In a historic move, the American Psychiatric Association agreed on Saturday to remove the term “Gender Identity Disorder” (GID) from the new version of its Diagnostic and Statistical Manual of Mental Disorders (DSM-V).

The manual is used in the US and around the world by psychiatrics and mental health professionals. The previously-included GID term was used to describe transgender and gender non-conforming individuals.

The manual will now instead include the term “Gender Dysphoria” to describe emotional distress over “a marked incongruence between one’s experienced/expressed gender and assigned gender”.

This is an important move as it now no longer indicates that transgender individuals are disordered. Gender activists say that the change will allow for more affirmative treatment and transition of trans people without the past stigma.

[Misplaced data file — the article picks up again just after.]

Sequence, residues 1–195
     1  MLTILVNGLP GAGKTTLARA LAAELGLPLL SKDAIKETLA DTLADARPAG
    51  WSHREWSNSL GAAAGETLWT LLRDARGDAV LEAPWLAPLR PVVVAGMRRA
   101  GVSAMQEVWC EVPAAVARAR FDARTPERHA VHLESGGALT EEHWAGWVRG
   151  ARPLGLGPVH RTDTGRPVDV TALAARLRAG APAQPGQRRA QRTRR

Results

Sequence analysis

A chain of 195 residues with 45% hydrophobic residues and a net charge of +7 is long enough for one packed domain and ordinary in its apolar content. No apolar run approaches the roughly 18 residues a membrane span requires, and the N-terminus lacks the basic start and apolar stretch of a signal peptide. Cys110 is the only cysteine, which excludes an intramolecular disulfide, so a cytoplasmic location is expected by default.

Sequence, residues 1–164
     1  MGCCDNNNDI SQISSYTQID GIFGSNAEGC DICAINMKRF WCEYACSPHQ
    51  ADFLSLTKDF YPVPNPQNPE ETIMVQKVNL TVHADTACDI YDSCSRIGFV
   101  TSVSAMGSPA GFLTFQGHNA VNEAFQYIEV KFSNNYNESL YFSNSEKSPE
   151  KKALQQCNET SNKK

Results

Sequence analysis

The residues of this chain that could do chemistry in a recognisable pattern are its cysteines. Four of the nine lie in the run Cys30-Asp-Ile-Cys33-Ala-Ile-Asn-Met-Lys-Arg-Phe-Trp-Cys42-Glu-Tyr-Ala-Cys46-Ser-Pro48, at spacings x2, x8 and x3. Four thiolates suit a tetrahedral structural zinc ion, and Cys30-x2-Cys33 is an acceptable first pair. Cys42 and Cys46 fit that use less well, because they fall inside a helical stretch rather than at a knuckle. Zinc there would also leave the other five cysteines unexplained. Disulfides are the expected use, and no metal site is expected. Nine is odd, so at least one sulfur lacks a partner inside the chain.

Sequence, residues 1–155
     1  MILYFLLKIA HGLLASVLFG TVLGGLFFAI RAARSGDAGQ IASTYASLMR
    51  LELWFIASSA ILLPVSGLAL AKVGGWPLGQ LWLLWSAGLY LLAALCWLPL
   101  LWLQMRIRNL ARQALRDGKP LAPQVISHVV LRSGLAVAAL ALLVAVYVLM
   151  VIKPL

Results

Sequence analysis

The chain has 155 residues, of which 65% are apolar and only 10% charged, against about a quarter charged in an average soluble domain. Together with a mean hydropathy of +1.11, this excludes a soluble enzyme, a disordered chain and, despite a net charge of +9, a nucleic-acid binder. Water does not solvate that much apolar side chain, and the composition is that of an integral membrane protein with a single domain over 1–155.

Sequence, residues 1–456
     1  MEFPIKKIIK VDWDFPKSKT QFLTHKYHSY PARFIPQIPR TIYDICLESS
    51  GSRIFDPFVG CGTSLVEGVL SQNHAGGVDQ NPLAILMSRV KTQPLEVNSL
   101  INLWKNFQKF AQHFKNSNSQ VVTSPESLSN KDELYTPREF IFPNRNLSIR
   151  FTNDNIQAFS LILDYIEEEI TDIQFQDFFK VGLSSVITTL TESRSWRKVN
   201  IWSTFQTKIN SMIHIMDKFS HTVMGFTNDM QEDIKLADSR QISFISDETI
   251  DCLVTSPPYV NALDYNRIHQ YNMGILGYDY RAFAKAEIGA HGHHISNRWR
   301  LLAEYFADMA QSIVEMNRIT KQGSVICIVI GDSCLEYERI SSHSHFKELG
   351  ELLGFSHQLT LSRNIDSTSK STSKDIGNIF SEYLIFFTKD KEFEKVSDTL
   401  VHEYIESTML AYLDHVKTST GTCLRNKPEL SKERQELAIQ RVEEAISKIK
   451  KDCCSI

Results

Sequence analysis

Mara Keisling, the founding Executive Director of the National Center for Transgender Equality, told LGBTQ Nation that the news was an “amazing step forward and while not perfect, is a huge improvement for diagnosis and treatment”.

However, some gender advocates fear that the update may make it more difficult for trans people to access healthcare funds for trans-related medical expenses.

The removal of the GID term from the DSM is similar to when the American Psychiatric Association deleted homosexuality as a disorder or mental illness from the manual in 1973.

The process of updating the manual, last revised in 1994, has taken over a decade to complete. The DSM V will be published in May 2013.

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